His concern is based on reports from the federal Centers for Medicare and Medicaid indicating that enrollment in Maine is down significantly compared to this time last year.
    “Several theories exist as to why that is,” he said. “For instance, more people may be enrolled in their employers’ plans. Others may be choosing to go without coverage due to cost; I urge these individuals to at least consider the options available.… Mainers have more options for 2019 and I hope they take advantage of them.” 

    After December 15, Mainers who need coverage will only be able to purchase major medical insurance for 2019 if they have a change in life circumstance that qualifies them for a Special Enrollment Period.

    Anyone who is eligible for a subsidy must go through to purchase insurance and to have the subsidy applied. Those who don’t qualify for subsidies can use the bureau’s rate calculator at, which includes both Marketplace and off-Marketplace plans. Mainers who need help getting started, or who have health insurance related questions, are invited to call the bureau’s Consumer Health Care Division Monday through Friday, 8 a.m. to 5 p.m., at 800-300-5000 (in state) or 207-624-8475 (for TTY, call Maine Relay 711). Questions can also be emailed to
  • Offshore drilling will worsen climate change

    On Nov. 30, the Trump administration approved five requests allowing companies to conduct deafening seismic surveys in the Atlantic Ocean that could harm tens of thousands of dolphins, whales and other marine animals.

    Though the National Oceanic and Atmospheric Administration (NOAA) denied that the testing would harm ocean animals, numerous scientific studies show that acoustic sound can harm and potentially kill these animals.

    But why would the administration want to do a seismic survey, which would put marine animals at risk? Because these tests are necessary in order to drill for oil in the Atlantic Ocean. This decision comes a week after 13 federal agencies on Black Friday declared in the Fourth National Climate Assessmentthat “Earth’s climate is now changing faster than at any point in the history of modern civilization, primarily as a result of human activities.”

    According to the report, the impacts of global climate change are already being felt in the U.S. and are projected to intensify — but the severity of future impacts will depend largely on actions taken to reduce greenhouse-gas emissions and to adapt to the changes that will occur, like the devastation caused by the California wildfires. Those actions will need to be taken by you and me, corporations, the state of Maine, President Donald Trump and the federal government.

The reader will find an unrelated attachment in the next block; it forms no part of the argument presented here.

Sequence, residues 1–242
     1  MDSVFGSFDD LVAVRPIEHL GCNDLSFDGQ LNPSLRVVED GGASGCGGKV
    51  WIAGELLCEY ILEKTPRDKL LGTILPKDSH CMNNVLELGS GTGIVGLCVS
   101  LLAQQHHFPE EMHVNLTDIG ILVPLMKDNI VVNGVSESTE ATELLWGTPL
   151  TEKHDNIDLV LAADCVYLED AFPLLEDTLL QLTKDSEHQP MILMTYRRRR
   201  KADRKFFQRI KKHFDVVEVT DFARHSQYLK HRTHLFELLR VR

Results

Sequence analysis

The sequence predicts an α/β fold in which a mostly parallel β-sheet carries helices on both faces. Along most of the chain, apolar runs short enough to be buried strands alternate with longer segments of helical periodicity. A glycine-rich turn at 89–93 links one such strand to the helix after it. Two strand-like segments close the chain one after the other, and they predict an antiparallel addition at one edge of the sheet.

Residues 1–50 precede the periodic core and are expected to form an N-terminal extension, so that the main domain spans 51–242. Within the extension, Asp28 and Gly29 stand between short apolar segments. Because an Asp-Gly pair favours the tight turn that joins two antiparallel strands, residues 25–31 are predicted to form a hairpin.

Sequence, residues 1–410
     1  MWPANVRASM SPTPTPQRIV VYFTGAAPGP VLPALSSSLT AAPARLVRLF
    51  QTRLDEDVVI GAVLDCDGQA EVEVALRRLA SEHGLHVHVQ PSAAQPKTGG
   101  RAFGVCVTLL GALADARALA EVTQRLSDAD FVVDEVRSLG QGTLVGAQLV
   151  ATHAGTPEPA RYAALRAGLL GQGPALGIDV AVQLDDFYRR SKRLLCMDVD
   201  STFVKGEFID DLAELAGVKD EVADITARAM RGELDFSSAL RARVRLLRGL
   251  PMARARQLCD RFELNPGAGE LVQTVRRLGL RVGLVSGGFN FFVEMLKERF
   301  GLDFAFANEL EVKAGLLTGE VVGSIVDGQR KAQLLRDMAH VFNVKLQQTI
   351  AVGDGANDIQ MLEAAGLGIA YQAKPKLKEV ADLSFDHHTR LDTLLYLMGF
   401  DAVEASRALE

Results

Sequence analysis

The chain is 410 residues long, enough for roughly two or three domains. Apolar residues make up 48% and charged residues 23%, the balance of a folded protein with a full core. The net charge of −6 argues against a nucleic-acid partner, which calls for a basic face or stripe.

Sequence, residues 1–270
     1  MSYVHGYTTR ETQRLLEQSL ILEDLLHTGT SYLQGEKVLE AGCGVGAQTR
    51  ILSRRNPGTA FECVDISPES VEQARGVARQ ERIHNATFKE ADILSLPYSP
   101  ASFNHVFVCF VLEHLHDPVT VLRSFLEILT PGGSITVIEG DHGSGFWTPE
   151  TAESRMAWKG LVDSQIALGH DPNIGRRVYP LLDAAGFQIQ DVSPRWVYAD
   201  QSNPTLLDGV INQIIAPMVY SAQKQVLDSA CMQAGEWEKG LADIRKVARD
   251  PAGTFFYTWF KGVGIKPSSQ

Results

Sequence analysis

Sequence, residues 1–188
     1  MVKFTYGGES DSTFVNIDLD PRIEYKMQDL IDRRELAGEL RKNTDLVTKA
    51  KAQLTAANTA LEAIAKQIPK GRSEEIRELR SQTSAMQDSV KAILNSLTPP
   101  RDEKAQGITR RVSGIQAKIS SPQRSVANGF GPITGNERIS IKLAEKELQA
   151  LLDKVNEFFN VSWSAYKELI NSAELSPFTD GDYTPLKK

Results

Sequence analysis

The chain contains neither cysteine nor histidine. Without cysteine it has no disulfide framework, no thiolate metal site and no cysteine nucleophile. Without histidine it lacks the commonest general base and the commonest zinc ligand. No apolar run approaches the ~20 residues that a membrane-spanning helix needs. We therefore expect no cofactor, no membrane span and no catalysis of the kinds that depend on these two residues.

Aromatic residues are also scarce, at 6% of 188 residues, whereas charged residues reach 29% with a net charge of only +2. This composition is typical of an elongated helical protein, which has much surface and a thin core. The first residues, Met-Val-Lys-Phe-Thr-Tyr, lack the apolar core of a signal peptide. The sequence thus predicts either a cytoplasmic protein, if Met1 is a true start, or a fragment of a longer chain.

It is the burning of coal, oil and gas that produces the greenhouse gases that cause climate change.

    The decision is likely to anger governors in states along the eastern seaboard who strongly oppose the administration’s proposal to expand federal oil and gas leases to the Atlantic. The authorizations give permission for surveys across a stretch of ocean between Delaware and Florida.

    Every state executive on the coast, with the exception of Gov. Paul LePage, opposed the plan. These federal leases could lead to exploratory drilling for the first time in more than a half-century.

    Seismic testing provides a map of the ocean floor and gives an estimate of the whereabouts of oil and gas, but only exploratory drilling can confirm their presence. The 2010 Deepwater Horizon oil spill that soiled the Gulf of Mexico resulted from such an exploratory drill.

    But the most important danger of Trump’s decision to engage in seismic testing is that it will likely produce more fossil fuel, which will exacerbate climate change. The harm caused by climate change is occurring now, and the results are many.

    The Fourth National Climate Assessment says that “high temperature extremes and heavy precipitation events are increasing. Glaciers and snow cover are shrinking, and sea ice is retreating.” The report notes. “Seas are warming, rising and becoming more acidic. Flooding is becoming more frequent along the U.S. coastline. Growing seasons are lengthening, and wildfires are increasing.”

    Without more significant global action by ordinary citizens, corporations, states and national governments, climate change is expected to cause substantial losses to infrastructure and property and impede U.S. economic growth over this century. Regional economies and industries that depend on favorable climate conditions, such as agriculture, tourism and fisheries (all important in Maine), are increasingly vulnerable to the harm caused by climate change.

    The Trump administration’s desire to do seismic testing will make it harder for us to bring climate change under control. It is a risk that we cannot afford.

  • CD2 Maine ranked choice election recount November 6, 2018

     The recount of the Congressional District 2 race in the Nov. 6, 2018 General Election will begin Thursday, Dec. 6 at 9 a.m., Secretary of State Matthew Dunlap confirmed today.

    The recount will take place during regular business hours, 9 a.m. to 5 p.m., and is expected to take up to four weeks, until it is complete, or the requesting candidate concedes. The recount will break for the Christmas holiday, the week of Dec. 24, and will resume Jan. 3, 2019.